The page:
Dr Preston’s book, first published in 1982, presents a critical history of development studies since the Second World War, linking the recent, neo-Marxist, debate with the whole tradition in the field, going back to the work of economists like Arthur Lewis.
He identifies a series of ‘schools’ and evaluates their contribution, supplying in each case a careful analysis, informed by the sociology of knowledge, of the work of its leading theorists. His final assessment draws on the critical theory of Habermas, arguing that social theorising is essentially practical; a matter of the construction, criticism and comparative ranking of ideologies, and that theorists should therefore consider what it makes sense for them to do or say, given their circumstances and the problems they address.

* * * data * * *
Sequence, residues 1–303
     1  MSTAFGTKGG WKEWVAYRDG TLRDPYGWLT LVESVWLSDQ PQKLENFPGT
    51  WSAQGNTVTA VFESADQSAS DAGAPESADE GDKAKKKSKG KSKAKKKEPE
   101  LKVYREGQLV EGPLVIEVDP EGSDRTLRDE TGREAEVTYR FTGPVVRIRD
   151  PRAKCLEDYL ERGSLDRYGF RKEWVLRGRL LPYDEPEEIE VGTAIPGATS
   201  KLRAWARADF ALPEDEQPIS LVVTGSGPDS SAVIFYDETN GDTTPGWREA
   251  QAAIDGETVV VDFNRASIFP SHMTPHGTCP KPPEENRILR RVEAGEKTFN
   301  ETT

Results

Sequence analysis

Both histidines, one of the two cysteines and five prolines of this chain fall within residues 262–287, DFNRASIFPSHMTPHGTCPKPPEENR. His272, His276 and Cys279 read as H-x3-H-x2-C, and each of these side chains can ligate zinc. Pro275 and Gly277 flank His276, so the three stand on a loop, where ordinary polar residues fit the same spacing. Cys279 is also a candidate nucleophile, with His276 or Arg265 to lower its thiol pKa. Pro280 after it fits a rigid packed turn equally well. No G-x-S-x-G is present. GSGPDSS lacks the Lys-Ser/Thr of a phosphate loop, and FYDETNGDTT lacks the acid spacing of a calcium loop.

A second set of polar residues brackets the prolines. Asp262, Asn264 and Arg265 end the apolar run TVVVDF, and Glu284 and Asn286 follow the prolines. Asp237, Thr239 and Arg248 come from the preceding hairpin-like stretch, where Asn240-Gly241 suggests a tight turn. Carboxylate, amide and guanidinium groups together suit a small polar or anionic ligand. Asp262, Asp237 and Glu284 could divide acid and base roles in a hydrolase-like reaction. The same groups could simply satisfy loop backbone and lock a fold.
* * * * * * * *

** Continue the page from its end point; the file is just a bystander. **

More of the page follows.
Part I: Prologue 1. The Scope and Concerns of the Study 2. The Idea of Development Part II: The ‘Positivists’ 3. The Crystallisation of the Positivist Orthodoxy, 1943-55 4. The Positivist High Tide: ‘Modernisation Theory’ Part III: The Radicals 5. The Contribution of the Neo-Institutionalists 6. Disciplinary Independence and Theoretical Progressivity Part IV: The Marxists 7. Elements of the Renewal of Interest in Marxian Scholarship: The Treatments of the Third World Part V: Concluding Remarks 8. Social Theorising and the Matter of the Third World